Collectors of all things Apple could have a new product to seek out soon, if a recent court decision in China sticks. Apple has lost its bid to prove itself the owner of the iPad trademark in China, after a decision favoring local company Proview Company. Proview registered the iPad name in the EU, several countries and China in the year 2000.
The company sold its international rights to the iPad name for $55k in 2006 to a company named IP Application Development (IPAD). IPAD turned out to be Apple, and Apple has claimed the deal included rights to the Chinese trademark as well. Since then, Proview has sued Apple to the tune of $1.6 billion for using the iPad trademark in China.
As the Tablet Wars heat up, Apple is keeping the pressure on Samsung by winning an injunction blocking German sales of the Galaxy Tab 7.7. This weekend Samsung was forced to pull the device and its advertisements from the IFA show floor and its German website.
The Tab was originally on display with a note that read "Not for sale in Germany," but on Saturday Engadget noticed that Samsung's entire display had been removed from the event.
Samsung has agreed to halt sales of the Galaxy Tab 10.1 due to its intellectual property battle with Apple. The Korean manufacturer announced on Monday, that it would refrain from advertising or selling the tablet in Australia until September 30.
Apple lawyers told the court that Samsung's modified tab still infringed its patents. Apple said the new version, which was supposed to launch in Australia on September 12, did feature some reduced functionality, but it still copied the iPad's design. Samsung called shenanigans, saying Apple has presented no new evidence on how the modified Galaxy Tab still infringes.
Did Samsung really use Stanley Kubrick's 1968 film, 2001: A Space Odyssey, as a defense in their intellectual property battle with Apple?
According to Foss Patents, Samsung submitted a screen grab of the Kubrick film that depicts two astronauts using tablet computers while eating lunch. Samsung claims the photo proves that prior art for the general design of the iPad existed before Apple.
"Attached hereto as Exhibit D is a true and correct copy of a still image taken from Stanley Kubrick's 1968 film "2001: A Space Odyssey." In a clip from that film lasting about one minute, two astronauts are eating and at the same time using personal tablet computers. The clip can be downloaded online at http://www.youtube.com/watch?v=JQ8pQVDyaLo. As with the design claimed by the D’889 Patent, the tablet disclosed in the clip has an overall rectangular shape with a dominant display screen, narrow borders, a predominately flat front surface, a flat back surface (which is evident because the tablets are lying flat on the table's surface), and a thin form factor."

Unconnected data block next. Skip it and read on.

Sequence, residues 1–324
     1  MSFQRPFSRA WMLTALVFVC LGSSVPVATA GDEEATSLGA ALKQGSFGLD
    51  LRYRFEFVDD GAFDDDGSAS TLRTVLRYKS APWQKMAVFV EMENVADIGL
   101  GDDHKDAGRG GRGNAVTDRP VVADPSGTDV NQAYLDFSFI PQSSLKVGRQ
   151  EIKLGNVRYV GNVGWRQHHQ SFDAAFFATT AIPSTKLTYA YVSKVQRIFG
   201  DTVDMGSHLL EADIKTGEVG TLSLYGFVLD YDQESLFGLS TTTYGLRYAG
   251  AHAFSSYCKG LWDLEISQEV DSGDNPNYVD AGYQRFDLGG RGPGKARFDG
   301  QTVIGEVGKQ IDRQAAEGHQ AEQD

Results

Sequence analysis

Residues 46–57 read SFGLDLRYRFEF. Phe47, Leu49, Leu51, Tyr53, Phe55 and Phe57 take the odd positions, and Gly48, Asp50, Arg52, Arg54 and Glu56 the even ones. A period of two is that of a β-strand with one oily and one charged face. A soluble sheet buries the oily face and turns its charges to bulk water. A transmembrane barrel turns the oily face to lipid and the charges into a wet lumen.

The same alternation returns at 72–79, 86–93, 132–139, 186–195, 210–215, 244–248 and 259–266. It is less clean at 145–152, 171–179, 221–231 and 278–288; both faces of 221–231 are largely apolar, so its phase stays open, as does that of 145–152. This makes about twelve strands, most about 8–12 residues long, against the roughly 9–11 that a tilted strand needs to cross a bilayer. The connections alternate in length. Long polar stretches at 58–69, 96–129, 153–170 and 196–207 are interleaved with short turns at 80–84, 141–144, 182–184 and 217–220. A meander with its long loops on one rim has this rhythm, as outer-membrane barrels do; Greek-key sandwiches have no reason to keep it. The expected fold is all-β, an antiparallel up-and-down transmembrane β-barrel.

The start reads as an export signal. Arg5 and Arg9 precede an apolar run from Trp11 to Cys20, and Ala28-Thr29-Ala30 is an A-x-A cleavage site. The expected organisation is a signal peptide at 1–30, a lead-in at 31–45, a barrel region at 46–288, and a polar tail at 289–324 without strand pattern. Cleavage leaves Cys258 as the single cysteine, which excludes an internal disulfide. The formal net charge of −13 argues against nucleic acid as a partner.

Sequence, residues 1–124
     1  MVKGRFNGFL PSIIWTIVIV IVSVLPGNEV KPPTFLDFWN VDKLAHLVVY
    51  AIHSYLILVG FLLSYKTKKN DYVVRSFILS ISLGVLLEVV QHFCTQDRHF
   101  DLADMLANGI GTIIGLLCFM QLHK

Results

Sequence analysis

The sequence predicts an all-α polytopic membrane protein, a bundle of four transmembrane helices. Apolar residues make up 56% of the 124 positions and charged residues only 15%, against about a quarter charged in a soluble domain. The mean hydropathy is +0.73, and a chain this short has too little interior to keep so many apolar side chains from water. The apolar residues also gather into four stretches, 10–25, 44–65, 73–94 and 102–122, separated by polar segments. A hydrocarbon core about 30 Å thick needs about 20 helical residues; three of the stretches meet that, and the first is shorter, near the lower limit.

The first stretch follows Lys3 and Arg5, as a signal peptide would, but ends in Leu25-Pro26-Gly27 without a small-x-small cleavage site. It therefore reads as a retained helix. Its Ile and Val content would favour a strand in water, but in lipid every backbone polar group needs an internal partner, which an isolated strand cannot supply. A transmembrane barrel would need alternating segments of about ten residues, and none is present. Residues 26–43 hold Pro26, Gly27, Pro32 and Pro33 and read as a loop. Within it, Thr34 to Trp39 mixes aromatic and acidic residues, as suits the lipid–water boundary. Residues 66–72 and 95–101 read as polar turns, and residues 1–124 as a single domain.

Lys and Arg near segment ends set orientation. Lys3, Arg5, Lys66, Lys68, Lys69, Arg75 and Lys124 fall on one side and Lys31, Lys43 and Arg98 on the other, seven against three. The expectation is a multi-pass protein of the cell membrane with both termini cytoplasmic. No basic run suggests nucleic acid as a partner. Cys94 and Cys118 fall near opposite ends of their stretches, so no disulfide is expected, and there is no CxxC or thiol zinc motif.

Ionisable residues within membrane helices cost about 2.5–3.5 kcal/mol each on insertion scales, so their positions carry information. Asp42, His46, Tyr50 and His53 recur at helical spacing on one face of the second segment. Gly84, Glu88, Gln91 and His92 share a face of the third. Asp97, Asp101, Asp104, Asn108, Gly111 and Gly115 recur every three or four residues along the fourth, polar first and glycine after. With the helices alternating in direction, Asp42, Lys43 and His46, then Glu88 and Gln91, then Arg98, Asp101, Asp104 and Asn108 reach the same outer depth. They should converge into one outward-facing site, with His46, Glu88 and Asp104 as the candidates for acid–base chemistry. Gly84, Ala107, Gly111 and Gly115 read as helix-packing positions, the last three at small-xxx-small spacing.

A group of plaintiffs from Oakland have discovered that the iPad is prone to overheating when left in direct sunlight or used in an area with high ambient temperatures. They have filed a lawsuit against Apple accusing the company of deceptive advertising, fraud, selling defective tablet computers, and violating California's consumer protection and unfair business practices laws.
All this because they believe that the iPad is marketed with the claim that "reading on iPad is just like reading a book." The disaffected iPad owners were apparently tricked into spending over $500 on an iPad in the belief that it would be perfectly usable in the same weather conditions outdoors as a paper book.
Turns out that Apple is not the first company to use iPad to name one of its products. Apple ran into similar problems after it launched the iPhone in 2007, when Cisco sued for infringement.
Apple and Cisco have settled their disagreement, but what looms on the horizon for the iPad name? Japanese tech company Fujitsu first applied for an iPad trademark in 2003, and currently sells a mobile device under the name.